A million years ago, back when dinosaurs roamed the earth, I was a high school cross country runner in Iowa, articles on training as rare as a good play-by-play performance by Joe Buck. In the 1967 book, The Jim Ryun Story, the author spoke of the Kansas great regularly running workouts of 40 x 440, 18 x 880, ten miles in sixty-two minutes.
At the same time, Peter Snell, the 1960 and 1964 Olympic champion in the 800m, was incorporating 23-mile Sunday runs in the hills of New Zealand, claiming it was a huge factor in his success. I tried, but my ambitions were greater than my talents.
I was never able complete a single one these workouts.
I was desparate for anything to make me better - after races asking competitors what workouts they did, listening clandestinely while rival coaches talked about their interval work. I used Cramergesic before races for a better warmup, ate Kretschmer wheat germ at breakfast, wore two pound weights around my ankles on six mile runs. Anything that might make me better. It was all a waste of time.
Today, the paucity of information has been turned on its head, the internet and social media producing a plethora of successful ideas and theories. You hear Parker Valby talk of X-training and running only 3 days/week, how Graham Blanks does all of his one 100-mile weeks at 6:00 pace or faster, on podcasts the double threshholds of Jakob Ingebrigtssen.
Which one should we incorporate?
High school and collegiate distance runners in the 70's did intervals on the track two to three times every week, cirling the track like Indy cars. Naysayers who say this was crazy should look at times in that era - they're not too shabby. But it also injured many, the constant workload in spikes far too much.
During the late 80's and through the 90's lactate training threshholds were all the rage, names like Joe Vigil and Jack Daniels popping up in every discussion. In the 2000's it was barefoot running shoes and GPS watches. Some trends lasted as long as the toupee on Terry Bradshaw's head - so find the ones which have been around a while - have survived the years.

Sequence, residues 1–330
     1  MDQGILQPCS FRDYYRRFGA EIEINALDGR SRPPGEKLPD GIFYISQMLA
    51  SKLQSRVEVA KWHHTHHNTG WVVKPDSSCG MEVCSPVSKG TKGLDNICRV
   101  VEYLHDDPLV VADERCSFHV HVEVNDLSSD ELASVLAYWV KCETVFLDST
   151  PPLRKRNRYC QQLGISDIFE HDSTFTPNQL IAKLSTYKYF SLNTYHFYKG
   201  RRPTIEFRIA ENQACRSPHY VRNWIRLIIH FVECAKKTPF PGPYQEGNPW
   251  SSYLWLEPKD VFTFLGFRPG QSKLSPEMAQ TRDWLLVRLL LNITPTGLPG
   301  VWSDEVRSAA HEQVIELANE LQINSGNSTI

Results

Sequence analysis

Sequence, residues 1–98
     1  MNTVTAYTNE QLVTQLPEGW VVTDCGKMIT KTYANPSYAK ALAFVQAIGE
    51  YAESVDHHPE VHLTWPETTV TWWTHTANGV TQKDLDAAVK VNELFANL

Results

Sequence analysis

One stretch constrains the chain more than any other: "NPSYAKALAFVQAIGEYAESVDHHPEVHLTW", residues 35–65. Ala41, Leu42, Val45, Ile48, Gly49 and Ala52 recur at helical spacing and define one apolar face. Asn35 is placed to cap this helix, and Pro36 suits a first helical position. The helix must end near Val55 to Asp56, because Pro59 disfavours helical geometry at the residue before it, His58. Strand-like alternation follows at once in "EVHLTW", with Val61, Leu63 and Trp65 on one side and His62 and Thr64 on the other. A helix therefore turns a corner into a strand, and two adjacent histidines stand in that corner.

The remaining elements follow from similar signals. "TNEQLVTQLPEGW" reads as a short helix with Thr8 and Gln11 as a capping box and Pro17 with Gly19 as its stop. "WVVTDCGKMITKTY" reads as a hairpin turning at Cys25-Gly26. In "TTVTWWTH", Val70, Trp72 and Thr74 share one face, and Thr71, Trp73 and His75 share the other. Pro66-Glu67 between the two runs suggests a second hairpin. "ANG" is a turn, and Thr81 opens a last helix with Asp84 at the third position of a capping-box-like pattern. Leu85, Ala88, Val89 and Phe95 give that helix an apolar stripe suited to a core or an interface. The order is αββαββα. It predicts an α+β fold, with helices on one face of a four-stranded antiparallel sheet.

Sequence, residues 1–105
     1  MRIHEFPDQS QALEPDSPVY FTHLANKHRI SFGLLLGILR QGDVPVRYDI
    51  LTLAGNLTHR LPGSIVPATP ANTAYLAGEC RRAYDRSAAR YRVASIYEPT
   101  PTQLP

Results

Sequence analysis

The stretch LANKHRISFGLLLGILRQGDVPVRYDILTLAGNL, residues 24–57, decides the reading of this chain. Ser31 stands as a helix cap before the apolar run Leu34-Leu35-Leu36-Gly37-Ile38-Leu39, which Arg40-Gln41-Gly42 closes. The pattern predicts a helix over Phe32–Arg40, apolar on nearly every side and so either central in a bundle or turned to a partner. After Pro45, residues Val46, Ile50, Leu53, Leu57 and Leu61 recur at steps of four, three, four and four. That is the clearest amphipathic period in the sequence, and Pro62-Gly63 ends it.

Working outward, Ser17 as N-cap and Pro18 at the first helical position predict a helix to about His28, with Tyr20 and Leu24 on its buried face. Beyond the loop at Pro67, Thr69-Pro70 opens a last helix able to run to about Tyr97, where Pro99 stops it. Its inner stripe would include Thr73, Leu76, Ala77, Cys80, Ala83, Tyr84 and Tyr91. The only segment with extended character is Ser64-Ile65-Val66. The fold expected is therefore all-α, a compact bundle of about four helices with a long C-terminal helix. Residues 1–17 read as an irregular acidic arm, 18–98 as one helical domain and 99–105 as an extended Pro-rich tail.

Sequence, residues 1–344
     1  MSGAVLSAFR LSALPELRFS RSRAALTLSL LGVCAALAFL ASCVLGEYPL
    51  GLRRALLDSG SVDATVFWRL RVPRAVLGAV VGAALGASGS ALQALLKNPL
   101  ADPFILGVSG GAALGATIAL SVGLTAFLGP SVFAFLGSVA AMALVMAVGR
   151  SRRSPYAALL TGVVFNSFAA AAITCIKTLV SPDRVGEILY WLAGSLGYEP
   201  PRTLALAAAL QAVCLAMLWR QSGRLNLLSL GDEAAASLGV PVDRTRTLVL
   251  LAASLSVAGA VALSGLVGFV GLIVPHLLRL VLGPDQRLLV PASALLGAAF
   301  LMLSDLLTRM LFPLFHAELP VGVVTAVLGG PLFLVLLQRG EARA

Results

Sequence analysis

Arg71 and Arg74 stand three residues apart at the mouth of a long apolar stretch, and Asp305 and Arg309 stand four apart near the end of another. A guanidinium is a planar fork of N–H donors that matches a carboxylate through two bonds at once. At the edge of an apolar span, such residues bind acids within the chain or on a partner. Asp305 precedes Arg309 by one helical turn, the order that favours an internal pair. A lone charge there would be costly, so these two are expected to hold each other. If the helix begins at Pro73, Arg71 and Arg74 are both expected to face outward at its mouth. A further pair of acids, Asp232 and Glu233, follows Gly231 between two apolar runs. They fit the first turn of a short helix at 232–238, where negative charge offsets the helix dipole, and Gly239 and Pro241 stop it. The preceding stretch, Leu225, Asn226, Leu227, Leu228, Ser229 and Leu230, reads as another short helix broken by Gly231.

For me, hill work is crucial, but I can give you many championship runners who don't include them. Weights seem like a game changer yet many African champions have never lifted. Weekly alactic speed work can be the difference in close races, although there are some great ones who don't include this in the training. High mileage weeks sound good, but I know a male Big Ten 10K champion who never did more than 60 miles/week.
What's a coach to think?
My suggestion - continue to learn as much as you can through clinics and books. Get training tips from the myriad of podcasts. Take time to accumulate a broad background of ideas. Then experiment with your athletes during summer and winter training. See how they respond.
Some will handle double threshholds easily. For others it will run them into the ground. Does weekly speed work significantly affect their 200m speed? Or not much at all? How about hill work? Beneficial or not so much? Is a faster tempo on recovery days better or a much slower one? I hated athletes who ran too fast on easy days - but for some - it did help.
No two athletes are the same.
Keep up on technology. I don't know a coach who couldn't use more personalized information on each of their runners. My athletes were asked to take their pulse first thing each morning and record how many hours they slept. But it was such a pain in the butt to get. This information was always a huge factor in what my afternoon's workout would entail.
To know their hours of sleep is crucial. As is the resting pulse in the morning. An accurate assessment of each day's training effort would also be nice. What's the recovery time between hard sessions? How does their body respond to heat? Garmin is an answer to these questions.
But like every training inovation - if you don't use it daily, the tool is a waste of time. To have information at your fingertips and not use it is a coaching sin. The more you know, the better you can better incorporate your philosophy - whether it's high mileage, low mileage, intervals, or lots of cross training and hills.
Ultimately, hard work is the number one ingredient - the key factor in success. But if you can minimize the waste and maximize the improvement - using current technology - you have improved your chances of success without wasting time. A glut of information is a wonderful problem.
You'll never know what it's like to want...but have no access.